Political journalism: reflections on covering the election

Is there a need for a new approach to political journalism and the we cover elections? After a year of election surprises, a panel at the newsrewired conference, in London today, asked: How should a journalist face elections now?

Here are four key takeaways from their conversation:

Polls are easy to be believed, but they must be weighted

Different organisations have different positions about polls. According to the Guardian’s political editor, Anushka Asthana, her paper doesn’t rely massively on polls, as journalists are still aware of when they were caught out by errors in polling around the election in 2015 and, as a result, predicted a massive change that didn’t materialise.

Ashtana said polls were ‘exciting things’ that are good to use in follow-up to the news. The Guardian uses polls, she said, putting them online and in paper but ‘halfway down a story’, not as the main title, apart from exceptional cases.

Other publishers use polls in different ways. Kate McCann, senior political correspondent of The Telegraph, said journalist can be galvanised by polls that announce major landslides or unexpected results, but she also warns that “it’s really easy to run away with that”.

During the last UK election, she said, the focus was not on polls getting the numbers wrong, but on voters actually changing their minds. One of the most difficult challenge for newspapers is to recognise this and record this change of opinion or attitudes towards voters on both side of the political spectrum.

Journalists must ‘go out and about’

After the prime minister called the election, McCann added, excitement in the newsroom was “palpable”. Journalists were keen to cover an election again and ‘to go out and about’. What she meant by that was that the duty of journalists was not only to cover the traditional political arenas but also to get out across the rest of the country. One of The Telegraph’s aim was “try to to put people in places that weren’t Westminster all the time” to understand better what the readership wanted.

The Guardian found itself doing something pretty similar, added Ashtana, when they decided to use what editor Katherine Viner calls “deep dive journalism”: six journalists sent to six key constituencies for the entire elections to try to see what was going on in there. Something similar was also done with a video series created online by the Guardian. The “Anywhere but Westminster” strand featured John Harris and John Domokos covering different constituencies across the UK during the elections.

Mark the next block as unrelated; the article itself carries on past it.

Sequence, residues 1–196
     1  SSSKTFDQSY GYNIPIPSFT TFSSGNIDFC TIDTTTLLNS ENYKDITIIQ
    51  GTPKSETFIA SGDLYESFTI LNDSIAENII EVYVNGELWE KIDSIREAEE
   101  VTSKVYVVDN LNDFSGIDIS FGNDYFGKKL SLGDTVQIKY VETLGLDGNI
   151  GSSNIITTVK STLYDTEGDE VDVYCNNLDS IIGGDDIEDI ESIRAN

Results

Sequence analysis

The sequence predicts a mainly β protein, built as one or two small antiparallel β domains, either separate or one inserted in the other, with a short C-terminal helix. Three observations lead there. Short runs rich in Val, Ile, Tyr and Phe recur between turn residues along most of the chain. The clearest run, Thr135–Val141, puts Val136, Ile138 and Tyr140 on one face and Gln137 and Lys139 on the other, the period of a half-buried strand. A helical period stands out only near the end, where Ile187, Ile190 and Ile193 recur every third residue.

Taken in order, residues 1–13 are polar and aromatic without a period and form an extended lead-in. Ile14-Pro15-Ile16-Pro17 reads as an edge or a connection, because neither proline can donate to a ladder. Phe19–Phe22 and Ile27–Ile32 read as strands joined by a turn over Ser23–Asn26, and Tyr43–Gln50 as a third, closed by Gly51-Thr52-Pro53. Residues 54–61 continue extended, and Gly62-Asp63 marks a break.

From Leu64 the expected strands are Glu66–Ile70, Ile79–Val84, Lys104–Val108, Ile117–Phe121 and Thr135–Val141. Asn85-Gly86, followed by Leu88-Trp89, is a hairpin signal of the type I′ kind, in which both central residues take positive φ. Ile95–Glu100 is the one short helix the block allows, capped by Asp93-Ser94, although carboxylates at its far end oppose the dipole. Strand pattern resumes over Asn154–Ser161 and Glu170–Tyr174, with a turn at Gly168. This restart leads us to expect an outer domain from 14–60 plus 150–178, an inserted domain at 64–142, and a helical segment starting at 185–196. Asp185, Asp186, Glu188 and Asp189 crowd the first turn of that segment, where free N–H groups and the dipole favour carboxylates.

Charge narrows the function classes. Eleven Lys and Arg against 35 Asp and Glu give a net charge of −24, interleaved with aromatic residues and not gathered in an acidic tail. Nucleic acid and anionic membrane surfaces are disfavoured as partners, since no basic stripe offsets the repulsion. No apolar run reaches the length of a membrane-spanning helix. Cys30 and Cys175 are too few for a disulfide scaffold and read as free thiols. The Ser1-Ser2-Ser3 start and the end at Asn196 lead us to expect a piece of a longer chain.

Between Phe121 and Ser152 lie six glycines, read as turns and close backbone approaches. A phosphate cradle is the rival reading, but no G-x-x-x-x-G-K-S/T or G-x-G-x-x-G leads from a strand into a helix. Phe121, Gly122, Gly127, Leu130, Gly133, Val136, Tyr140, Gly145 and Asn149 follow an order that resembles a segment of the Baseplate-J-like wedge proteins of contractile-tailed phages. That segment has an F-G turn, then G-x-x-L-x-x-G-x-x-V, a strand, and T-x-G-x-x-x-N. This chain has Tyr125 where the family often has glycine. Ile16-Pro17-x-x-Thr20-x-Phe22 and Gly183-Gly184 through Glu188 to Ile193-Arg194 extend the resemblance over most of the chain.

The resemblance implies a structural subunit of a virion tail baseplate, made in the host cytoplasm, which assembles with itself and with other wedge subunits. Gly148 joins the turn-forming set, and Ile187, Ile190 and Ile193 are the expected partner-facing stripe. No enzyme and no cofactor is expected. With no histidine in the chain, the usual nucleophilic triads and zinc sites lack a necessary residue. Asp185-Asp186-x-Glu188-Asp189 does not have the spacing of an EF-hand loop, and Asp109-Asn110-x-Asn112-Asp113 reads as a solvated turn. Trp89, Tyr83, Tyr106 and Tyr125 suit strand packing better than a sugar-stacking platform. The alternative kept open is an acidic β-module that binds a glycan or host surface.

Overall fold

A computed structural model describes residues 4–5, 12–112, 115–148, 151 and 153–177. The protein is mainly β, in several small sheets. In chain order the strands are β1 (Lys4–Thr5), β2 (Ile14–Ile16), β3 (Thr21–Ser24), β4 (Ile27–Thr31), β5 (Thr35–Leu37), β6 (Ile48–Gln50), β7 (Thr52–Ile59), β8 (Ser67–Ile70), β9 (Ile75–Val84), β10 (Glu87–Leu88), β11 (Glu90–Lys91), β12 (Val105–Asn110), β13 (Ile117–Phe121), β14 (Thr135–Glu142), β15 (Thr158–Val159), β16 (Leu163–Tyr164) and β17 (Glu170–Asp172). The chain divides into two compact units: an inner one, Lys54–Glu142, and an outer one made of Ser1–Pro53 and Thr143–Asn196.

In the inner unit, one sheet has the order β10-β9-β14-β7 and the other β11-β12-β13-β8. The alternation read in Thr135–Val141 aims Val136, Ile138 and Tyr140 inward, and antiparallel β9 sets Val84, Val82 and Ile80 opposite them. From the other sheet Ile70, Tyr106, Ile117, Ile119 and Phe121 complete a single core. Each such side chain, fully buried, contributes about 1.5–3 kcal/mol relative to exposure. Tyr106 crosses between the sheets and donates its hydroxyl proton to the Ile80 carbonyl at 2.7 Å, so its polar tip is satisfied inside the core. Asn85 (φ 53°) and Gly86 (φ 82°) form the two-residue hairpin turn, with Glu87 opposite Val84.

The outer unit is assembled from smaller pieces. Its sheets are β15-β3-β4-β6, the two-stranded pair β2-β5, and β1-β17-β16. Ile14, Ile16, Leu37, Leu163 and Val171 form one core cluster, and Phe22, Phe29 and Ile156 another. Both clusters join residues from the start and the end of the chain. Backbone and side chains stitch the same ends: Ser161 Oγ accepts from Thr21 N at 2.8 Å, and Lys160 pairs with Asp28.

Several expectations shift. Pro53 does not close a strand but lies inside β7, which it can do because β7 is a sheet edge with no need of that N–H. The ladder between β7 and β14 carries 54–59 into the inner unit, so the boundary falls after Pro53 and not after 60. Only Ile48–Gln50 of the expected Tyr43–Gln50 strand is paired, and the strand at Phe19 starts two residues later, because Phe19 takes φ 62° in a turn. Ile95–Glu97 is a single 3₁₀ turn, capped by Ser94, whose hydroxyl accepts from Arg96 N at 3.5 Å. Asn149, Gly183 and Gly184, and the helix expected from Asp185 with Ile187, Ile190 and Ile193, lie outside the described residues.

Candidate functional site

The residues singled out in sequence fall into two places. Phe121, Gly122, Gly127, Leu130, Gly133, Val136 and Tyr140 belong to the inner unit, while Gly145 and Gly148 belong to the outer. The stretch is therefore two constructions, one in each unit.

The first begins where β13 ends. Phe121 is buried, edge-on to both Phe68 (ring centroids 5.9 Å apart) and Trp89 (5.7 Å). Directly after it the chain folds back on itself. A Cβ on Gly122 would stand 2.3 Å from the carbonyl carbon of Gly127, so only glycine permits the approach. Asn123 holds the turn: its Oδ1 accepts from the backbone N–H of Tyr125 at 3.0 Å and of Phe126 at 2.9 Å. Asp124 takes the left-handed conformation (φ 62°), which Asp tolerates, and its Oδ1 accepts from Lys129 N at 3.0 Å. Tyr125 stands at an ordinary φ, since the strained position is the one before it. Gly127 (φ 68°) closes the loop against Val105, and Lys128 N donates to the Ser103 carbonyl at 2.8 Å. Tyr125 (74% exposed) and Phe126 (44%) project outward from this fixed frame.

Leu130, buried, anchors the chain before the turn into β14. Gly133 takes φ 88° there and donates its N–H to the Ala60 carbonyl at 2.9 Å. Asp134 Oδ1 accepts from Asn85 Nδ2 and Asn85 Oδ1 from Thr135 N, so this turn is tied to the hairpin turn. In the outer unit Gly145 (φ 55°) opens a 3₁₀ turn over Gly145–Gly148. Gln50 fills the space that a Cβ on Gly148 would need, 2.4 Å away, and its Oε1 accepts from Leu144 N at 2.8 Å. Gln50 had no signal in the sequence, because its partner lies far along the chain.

Work multiplatform and focus on video

Both the Telegraph and the Guardian speakers on the panel agreed that working multiplatform must be the case when preparing for the election. The Guardian made a lot of video content, a weekly and a daily podcast during the election. The Telegraph tried to produce its own TV-like bulletins, which got a lot of positive reaction from its readers. Both McCann and Ashtana said video content was a massive driver of engagement and a success with readers.

Social media

Social media became pivotal during this last election, and the whole of the panel agrees it, although with some reservations. McCann asks whether readers are really enjoying articles and content that get widely shared, or if there are narrow groups that are extremely engaged and that like to share content related to them.

“The danger of social media is that there are a lot of people smoking their own dope” adds Guy Faulconbridge, the UK bureau chief of Reuters, suggesting a commonly held belief that social media adds only to reinforce entrenched beliefs and act as a kind of echo chamber between like-minded individuals.

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